What are the Counter Widget Properties
A counter can keep a tally of any item or object. It comes along with ‘+’ ‘-’ and ‘reset’ buttons, which makes counting easy on forms. You can either add, subtract or reset the counter button while filling the workflow. For example, if you have multiple objects to inspected while collecting data, all you have to do is, keep on clicking ‘+’ each time you come across a new object. To add ‘Counter’ to your workflow, drag it from the left panel and drop it to the digital mobile screen in the middle.
By using Unit property, you can mention the unit that you want to have in your counter. It could be anything. For example, it can be ‘Defects’ found out during an inspection process
You can change the name of the ‘Counter’ using a label property. It is ‘Counter’ by default. On the right panel, go to the label section and you can type the required text that you want. The same name will appear on the workflow. For example, you can keep the label of your Counter as ‘No. of fire extinguishers in the area.’
You can use this property to make that ‘Counter’ mandatory to be filled. Some fields in your workflow might be mandatory, while some might not be.
For example, ‘Counter’ field can be set to ‘Yes’ in the required property when you want to make the field mandatory. So, while filling out a workflow, the user will have to compulsorily add the counter while filling the mobile workflow, without which the workflow wouldn’t be submitted.
Every field will have a unique identifier. No two unique identifiers for fields will be the same. Please note that ‘Unique Identifier’ property is just for reference purpose only. The user need not have to do anything to this property. It can be referred when there are fields created with the same names. When you create two fields with the same names, it might get confusing when you are setting a condition and you wouldn’t know which field is which.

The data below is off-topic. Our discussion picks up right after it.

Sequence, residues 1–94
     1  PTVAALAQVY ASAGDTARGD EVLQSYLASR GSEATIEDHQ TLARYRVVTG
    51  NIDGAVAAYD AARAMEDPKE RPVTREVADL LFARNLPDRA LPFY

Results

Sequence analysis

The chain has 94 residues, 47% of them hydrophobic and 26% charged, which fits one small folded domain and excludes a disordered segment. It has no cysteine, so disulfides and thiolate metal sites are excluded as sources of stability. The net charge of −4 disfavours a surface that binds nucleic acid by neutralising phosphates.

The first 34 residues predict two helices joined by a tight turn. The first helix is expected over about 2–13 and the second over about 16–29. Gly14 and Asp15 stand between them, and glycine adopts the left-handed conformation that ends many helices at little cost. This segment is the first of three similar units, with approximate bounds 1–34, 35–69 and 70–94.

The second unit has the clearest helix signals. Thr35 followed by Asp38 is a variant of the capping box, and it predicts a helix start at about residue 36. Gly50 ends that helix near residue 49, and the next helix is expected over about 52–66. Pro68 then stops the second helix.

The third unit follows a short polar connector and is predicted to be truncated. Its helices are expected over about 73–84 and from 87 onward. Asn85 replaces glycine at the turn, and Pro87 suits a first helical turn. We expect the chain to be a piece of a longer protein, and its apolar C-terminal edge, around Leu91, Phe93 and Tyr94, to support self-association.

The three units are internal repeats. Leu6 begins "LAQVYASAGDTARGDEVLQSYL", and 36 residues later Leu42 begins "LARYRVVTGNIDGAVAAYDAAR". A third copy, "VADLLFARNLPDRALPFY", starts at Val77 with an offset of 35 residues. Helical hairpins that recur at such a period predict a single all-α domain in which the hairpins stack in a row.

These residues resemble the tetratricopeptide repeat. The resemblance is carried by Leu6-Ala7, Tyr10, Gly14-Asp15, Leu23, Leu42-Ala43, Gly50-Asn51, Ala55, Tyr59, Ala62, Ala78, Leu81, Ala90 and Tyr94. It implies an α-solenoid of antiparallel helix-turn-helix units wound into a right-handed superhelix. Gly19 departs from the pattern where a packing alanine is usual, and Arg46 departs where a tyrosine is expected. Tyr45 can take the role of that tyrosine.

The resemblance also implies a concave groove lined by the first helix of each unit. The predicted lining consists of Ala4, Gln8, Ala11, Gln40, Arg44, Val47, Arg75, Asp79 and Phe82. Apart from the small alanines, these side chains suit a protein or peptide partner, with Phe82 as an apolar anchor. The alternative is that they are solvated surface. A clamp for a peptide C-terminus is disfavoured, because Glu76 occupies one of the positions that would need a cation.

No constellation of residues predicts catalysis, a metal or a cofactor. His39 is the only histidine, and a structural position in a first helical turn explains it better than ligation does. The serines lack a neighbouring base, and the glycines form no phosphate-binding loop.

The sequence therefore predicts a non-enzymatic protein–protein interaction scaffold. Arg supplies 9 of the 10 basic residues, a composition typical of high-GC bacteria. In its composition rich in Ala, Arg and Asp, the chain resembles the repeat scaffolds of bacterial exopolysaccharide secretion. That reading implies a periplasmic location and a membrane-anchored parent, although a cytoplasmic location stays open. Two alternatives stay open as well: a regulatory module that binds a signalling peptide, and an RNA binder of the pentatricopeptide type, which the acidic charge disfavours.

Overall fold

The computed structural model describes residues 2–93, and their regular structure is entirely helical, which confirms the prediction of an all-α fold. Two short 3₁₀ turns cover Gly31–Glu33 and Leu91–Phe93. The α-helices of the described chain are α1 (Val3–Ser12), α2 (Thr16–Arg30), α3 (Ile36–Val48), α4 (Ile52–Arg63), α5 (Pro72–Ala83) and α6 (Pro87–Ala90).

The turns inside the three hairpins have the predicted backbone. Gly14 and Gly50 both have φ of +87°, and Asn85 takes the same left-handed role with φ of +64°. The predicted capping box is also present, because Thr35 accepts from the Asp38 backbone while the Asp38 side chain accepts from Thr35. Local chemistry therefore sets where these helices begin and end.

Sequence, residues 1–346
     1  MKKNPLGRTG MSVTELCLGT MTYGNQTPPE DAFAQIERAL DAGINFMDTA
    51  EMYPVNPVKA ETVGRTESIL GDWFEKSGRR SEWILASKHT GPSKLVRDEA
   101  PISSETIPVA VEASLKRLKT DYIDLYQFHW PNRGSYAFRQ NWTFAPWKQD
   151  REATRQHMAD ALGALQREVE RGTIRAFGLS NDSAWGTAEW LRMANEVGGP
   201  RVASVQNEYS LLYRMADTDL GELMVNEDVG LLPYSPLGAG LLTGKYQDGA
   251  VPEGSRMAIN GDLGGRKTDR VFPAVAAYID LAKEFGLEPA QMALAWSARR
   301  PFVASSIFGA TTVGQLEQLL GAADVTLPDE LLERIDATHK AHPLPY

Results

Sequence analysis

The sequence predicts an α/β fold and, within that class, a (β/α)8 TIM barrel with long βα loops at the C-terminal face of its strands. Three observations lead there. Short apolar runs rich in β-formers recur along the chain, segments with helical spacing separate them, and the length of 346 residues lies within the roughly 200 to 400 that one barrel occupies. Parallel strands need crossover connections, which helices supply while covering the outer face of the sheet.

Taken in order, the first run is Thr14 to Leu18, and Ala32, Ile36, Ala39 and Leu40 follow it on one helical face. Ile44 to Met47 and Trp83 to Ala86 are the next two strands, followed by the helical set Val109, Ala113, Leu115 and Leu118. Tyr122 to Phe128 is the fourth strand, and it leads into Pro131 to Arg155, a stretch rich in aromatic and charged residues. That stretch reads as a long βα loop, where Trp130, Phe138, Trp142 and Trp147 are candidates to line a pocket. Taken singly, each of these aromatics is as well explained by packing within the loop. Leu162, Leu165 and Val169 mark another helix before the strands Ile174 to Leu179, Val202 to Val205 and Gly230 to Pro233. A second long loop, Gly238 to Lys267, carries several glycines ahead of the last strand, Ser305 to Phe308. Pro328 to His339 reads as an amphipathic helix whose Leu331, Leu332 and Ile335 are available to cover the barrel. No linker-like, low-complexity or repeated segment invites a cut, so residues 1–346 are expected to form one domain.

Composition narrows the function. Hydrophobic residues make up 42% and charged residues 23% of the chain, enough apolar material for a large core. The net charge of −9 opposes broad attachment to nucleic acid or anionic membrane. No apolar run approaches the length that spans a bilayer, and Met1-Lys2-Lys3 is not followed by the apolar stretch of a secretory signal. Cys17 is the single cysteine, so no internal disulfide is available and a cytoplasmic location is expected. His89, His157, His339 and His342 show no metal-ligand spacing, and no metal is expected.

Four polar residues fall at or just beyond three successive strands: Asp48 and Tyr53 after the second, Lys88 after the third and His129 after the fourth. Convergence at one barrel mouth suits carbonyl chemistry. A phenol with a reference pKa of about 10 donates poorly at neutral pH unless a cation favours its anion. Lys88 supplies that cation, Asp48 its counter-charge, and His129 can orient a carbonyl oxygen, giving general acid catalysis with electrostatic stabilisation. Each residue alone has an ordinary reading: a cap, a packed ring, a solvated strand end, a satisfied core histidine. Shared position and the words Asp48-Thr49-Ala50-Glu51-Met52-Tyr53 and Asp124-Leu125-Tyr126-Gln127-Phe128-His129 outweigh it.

For example—if you have created a field ‘address’ – and set a visibility condition to it saying the ‘address’ field will be only visible if you have entered the ‘Phone number.’ But if there are two fields that say ‘Phone Number’ – it will be difficult to set a visibility condition since both the fields have the same name. Both of these fields ‘Phone Number’ will have different unique identifiers. You can check the unique identifier and then set the condition accordingly.
Visibility Condition in the property for the ‘Counter’ is used to specify a condition. If you apply any visibility condition, it implies that the ‘Counter’ field will only be visible if it satisfies the condition that you have set. Visibility condition can be set by specifying the condition – you can do that by clicking ‘condition not specified.’
For example—you might create a Field ‘Fire Extinguisher Count’ which will be only visible if the user chooses ‘Yes’ option in the previous choice list ‘Are there fire extinguishers in the premises?’ Visibility conditions can help you control the type of input during the filling of a workflow by the user.
Validity Condition in the property for the ‘Counter’ is used to specify a condition. If you set any validity condition, it implies that the ‘Counter’ will only be valid if it satisfies the condition that you have set. Validity condition can be set by specifying the condition – you can do that by clicking ‘condition not specified.’
For example—you might create a field ‘Gas Meters’ which will be only valid if the user enters ‘Yes’ in the earlier field ‘Are there gas meters?’ Otherwise, it would be invalid and show an error message. Validations can help you control the type of input during the filling of a workflow by the user. You can also customize an error message that you want to display by typing the message in ‘Validity Error Message.’ This message will be displayed when the validity condition does not match with the given input.
The error message could be “This counter is only for gas meters.